The Effects of the Eruption of Montserrat
The Soufriere Hills volcano, on the Caribbean island of Montserrat, began to erupt on July 18, 1995, resulting in the devastation of the island's then-capital of Plymouth.
The volcano had erupted at least twice before, as shown through radiocarbon dating, but this was the first time an eruption from this volcano had been observed and recorded.
Geology and the Initial Eruption
The Soufriere Hills volcano is one of a chain of volcanoes extending through the Caribbean, including the Soufriere volcano on Guadeloupe--the Hawaiian Volcano Observatory notes that "soufriere" is the French word for "sulphur," so many of these volcanoes have similar names--Micotrin, Mont Pelee, La Soufriere and "Kick 'em Jenny."
Residents on Montserrat started reporting earthquake swarms in 1992, which strengthened in 1994. The first eruption, on July 18, 1995, led to minor ashfall and a sulphurous odour. Initially the eruption was considered minor; however, it was monitored closely because of historical eruptions in the area and the number of people living nearby. Mont Pelee's 1902 eruption killed 28,000 people; therefore, observers did not want to ignore the activity from Soufriere Hills.
Increase in Intensity
The eruption intensified on August 21, resulting in thick ashfall that covered Plymouth. The southern portion of the island was evacuated, although some residents did stay behind, only to face a continuous eruption. Plymouth was essentially destroyed beginning June 25, 1997, with pyroclastic flows into Plymouth and the surrounding area that killed at least 19 people. The terminal at W.H. Bramble airport and Radio Montserrat's AM transmitter were both destroyed as well.
The volcano's continual eruptions--while some breaks have been observed, the volcano was still erupting as of 2009--have destroyed not only buildings and land, but health as well. Residents on the northern side of the island face continued ashfall. This contains small particles of a type of quartz known to result in silicosis, in which the ash can accumulate in the lungs and lead to suffocation. The BBC noted in a Feb. 19, 1999, article that unfortunately, as residents clean up after each ashfall, much of the already fallen ash is kicked back up and once again becomes an inhalation hazard.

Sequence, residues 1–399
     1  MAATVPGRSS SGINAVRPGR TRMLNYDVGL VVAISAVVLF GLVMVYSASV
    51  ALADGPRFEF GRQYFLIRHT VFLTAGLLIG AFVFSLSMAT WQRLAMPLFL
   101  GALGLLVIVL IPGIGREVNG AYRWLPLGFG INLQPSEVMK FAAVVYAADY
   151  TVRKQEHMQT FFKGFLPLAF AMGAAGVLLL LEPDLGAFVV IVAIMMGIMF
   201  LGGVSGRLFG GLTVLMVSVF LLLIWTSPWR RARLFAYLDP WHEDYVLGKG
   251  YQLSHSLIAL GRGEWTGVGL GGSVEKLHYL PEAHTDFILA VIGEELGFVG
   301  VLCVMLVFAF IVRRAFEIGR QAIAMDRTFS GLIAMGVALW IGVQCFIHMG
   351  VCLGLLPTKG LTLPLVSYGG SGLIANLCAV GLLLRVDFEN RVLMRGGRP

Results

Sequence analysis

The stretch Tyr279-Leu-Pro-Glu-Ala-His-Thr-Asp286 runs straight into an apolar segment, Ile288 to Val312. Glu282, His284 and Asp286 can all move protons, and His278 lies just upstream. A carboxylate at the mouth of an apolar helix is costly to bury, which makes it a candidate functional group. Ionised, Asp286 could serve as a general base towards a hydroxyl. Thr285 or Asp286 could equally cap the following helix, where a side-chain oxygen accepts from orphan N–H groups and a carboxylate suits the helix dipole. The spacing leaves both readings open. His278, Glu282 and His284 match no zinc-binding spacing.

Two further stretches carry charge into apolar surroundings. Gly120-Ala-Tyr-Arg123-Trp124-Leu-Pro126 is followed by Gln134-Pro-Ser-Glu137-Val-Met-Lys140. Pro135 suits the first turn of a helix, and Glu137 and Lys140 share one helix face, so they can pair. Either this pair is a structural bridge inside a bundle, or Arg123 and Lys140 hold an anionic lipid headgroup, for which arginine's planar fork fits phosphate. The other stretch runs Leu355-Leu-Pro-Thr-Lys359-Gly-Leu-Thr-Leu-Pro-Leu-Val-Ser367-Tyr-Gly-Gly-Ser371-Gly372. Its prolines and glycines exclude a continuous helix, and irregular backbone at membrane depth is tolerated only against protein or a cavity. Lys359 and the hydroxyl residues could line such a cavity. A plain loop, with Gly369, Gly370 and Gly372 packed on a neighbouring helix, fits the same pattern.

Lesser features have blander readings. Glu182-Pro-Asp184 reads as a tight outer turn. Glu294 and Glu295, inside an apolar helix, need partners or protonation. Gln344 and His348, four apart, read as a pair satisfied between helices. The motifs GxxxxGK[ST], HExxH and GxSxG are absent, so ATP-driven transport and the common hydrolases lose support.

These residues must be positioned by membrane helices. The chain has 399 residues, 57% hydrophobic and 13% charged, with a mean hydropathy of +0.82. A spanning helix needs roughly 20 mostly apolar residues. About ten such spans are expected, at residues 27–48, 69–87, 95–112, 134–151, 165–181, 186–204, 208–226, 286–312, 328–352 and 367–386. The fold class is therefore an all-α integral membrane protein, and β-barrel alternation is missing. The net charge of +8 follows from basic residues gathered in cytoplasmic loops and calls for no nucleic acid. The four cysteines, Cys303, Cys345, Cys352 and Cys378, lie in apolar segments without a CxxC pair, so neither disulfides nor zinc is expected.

Over 7,000 people have been displaced from their homes. Some still reside on the northern portion of the island, while others went to the UK or the United States. Montserratians were initially offered temporary residency in the United States; however, because eruptions have continued for so long, their status is in question in 2009.
According to the BBC's territory profile for Montserrat, Plymouth has been abandoned. St. John's is a de facto capital while Little Bay is planned to be the next capital. Nearly two-thirds of the island appears to be part of an exclusion zone.
The destruction of the capital, airport and much of the land--and continued eruptions--have meant an end to the tourism business in Montserrat. Rebuilding efforts have been financed by international aid packages.
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